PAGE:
I have a trusted neighbour who is always telling me to ventilate the house well, to keep the windows open at least for a little. He has been saying for years that the air inside the house is much more polluted than the air in the street. And, just today, I heard about a couple of scientific articles published in 2018 that prove my wise neighbour right.
Detergents and other household consumer products pollute city air more than cars
According to these studies, 50% of air pollution in large cities, linked to fossil fuels, no longer comes from car engines, heaters and air conditioners, but from volatile organic compounds (VOCs) emitted by household products such as cosmetics, paints, cleaning products, printing inks or glues.
Volatile organic compounds (VOCs) are molecules present in petroleum products
And what are VOCs? Well, they are molecules, almost always derived from oil, that are very easy to volatilize, that is, to leave the liquid or solid in which they are found and go into the air. They are made up of carbon and other types of atoms.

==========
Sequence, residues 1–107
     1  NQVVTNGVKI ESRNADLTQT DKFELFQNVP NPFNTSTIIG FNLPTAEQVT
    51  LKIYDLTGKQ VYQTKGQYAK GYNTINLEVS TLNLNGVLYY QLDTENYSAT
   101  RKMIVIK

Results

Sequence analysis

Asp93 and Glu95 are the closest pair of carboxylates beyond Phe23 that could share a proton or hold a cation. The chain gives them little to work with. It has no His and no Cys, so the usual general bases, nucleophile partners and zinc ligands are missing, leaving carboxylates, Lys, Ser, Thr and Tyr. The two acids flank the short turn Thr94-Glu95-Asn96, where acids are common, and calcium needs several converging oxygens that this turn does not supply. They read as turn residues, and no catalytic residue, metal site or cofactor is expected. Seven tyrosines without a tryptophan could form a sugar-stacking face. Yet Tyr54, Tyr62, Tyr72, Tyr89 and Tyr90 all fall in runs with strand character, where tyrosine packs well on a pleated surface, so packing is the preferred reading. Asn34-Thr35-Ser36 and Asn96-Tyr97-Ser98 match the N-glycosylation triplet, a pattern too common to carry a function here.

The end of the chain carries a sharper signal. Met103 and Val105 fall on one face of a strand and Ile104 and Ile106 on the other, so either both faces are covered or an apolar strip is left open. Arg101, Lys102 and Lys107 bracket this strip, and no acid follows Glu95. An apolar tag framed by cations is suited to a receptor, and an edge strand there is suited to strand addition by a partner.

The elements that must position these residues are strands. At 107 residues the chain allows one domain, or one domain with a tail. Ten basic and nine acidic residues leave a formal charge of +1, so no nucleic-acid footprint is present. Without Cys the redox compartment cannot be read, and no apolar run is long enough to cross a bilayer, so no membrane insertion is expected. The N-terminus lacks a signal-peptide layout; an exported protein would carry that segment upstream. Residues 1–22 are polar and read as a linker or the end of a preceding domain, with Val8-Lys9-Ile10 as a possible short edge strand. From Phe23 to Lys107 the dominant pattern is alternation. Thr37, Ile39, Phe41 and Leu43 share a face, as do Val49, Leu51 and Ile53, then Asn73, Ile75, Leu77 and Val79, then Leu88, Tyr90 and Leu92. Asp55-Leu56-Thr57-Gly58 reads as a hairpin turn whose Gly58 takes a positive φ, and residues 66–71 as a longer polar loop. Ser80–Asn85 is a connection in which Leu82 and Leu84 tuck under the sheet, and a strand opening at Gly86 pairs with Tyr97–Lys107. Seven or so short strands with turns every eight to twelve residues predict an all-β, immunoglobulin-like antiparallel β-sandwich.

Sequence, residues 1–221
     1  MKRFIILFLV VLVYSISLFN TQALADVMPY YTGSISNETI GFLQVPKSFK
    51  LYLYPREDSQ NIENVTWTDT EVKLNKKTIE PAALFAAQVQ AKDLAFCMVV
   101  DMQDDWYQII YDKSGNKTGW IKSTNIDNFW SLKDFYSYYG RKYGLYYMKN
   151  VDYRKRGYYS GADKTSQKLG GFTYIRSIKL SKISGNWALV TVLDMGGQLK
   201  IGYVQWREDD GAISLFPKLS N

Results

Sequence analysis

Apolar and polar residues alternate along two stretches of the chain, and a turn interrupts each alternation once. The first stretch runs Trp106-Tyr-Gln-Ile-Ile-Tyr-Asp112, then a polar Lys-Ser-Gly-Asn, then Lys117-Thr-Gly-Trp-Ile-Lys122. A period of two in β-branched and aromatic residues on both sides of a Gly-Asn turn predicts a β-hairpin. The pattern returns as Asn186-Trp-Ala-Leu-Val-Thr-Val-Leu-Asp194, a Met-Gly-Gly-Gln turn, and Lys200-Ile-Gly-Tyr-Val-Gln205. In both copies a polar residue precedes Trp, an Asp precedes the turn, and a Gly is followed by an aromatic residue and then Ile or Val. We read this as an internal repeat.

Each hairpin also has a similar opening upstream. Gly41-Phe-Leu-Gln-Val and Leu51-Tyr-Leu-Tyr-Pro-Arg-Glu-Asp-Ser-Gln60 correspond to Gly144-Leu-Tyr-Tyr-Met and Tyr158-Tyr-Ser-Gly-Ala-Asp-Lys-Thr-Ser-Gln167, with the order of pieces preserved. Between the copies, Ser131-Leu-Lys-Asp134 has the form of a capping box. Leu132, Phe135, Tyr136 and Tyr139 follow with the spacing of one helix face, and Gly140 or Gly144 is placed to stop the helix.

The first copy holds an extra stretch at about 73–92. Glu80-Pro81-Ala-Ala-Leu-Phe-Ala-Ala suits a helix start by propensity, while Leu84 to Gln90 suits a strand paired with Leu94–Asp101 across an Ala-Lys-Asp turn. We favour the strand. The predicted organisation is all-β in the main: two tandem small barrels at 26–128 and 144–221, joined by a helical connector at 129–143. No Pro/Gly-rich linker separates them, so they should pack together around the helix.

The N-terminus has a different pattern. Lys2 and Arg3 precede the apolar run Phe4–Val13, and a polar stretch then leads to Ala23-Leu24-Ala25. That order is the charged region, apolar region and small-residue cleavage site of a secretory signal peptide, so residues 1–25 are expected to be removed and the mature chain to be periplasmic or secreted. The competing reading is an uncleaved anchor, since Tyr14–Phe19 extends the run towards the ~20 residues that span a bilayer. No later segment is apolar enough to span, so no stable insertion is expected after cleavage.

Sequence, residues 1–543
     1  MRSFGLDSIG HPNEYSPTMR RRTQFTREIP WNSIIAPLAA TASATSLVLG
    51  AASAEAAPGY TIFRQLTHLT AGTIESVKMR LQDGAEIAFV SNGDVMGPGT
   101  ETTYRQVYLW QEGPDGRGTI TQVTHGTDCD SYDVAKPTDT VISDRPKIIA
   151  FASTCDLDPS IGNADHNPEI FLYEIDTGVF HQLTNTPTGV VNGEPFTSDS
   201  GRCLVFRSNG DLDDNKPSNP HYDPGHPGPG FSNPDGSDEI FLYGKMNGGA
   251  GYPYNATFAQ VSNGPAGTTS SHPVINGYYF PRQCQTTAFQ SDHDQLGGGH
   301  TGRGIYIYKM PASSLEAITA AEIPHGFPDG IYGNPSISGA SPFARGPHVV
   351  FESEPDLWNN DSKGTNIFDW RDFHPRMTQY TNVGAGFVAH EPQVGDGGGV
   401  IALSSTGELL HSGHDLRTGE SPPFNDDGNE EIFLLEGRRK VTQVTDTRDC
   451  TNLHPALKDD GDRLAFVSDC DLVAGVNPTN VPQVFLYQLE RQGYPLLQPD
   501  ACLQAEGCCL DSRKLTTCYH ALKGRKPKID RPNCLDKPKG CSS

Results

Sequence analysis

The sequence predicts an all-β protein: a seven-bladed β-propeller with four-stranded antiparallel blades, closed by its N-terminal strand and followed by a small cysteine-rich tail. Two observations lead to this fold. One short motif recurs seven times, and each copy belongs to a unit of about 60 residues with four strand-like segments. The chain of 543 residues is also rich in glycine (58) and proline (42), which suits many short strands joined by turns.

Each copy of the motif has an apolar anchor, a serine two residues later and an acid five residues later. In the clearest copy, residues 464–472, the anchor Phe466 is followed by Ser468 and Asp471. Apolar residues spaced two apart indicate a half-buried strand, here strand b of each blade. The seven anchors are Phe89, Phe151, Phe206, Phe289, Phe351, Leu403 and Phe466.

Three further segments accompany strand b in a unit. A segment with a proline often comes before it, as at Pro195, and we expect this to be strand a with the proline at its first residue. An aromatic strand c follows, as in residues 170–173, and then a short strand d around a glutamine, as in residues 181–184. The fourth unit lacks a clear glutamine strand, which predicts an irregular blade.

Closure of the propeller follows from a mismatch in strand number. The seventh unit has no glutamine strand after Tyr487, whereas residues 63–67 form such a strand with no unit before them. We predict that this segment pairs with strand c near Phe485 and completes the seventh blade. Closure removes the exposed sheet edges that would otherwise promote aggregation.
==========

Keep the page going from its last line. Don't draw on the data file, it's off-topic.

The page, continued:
In principle this should not be a problem, but when these molecules are in the air in our homes or on our streets they produce negative health effects: they irritate the eyes and airways, affect the nervous and cardiovascular systems, some are carcinogenic, others produce mutations in our DNA and some interfere with the endocrine system causing infertility.
In addition, when VOCs are oxidised, they are transformed into very small particles (PM2.5) which are some of the most harmful particles in urban pollution.
The concentration of VOCs in homes can be up to 10 times higher than outside
Most of the gels, detergents, softeners, glass cleaners ... available on our supermarket shelves are full of molecules designed to evaporate, so especially in the closed spaces of homes where these conventional products are used, the concentration of VOCs is very high if they are not well ventilated. Hence the importance in keeping the windows open, even just slightly, so that the air inside is recycled.
For a toxic-free home
Of course, in addition to ventilation, it is advisable to dispense with all these products that make our home an unsafe place. It is also the responsibility of the authorities to legislate, to limit or eliminate the content of harmful substances in household products so improving the quality of the air we breathe both inside and outside the home.
“The changing face of urban air pollution” Alastair C. Lewis. (2018) Science. Vol 359, pp. 744-745 (2018)
“Volatile Chemical products emerging as largest petrochemical source of urban organic emissions” Brian C. McDonald et al. (2018) Science. Vol 359, pp. 760-764.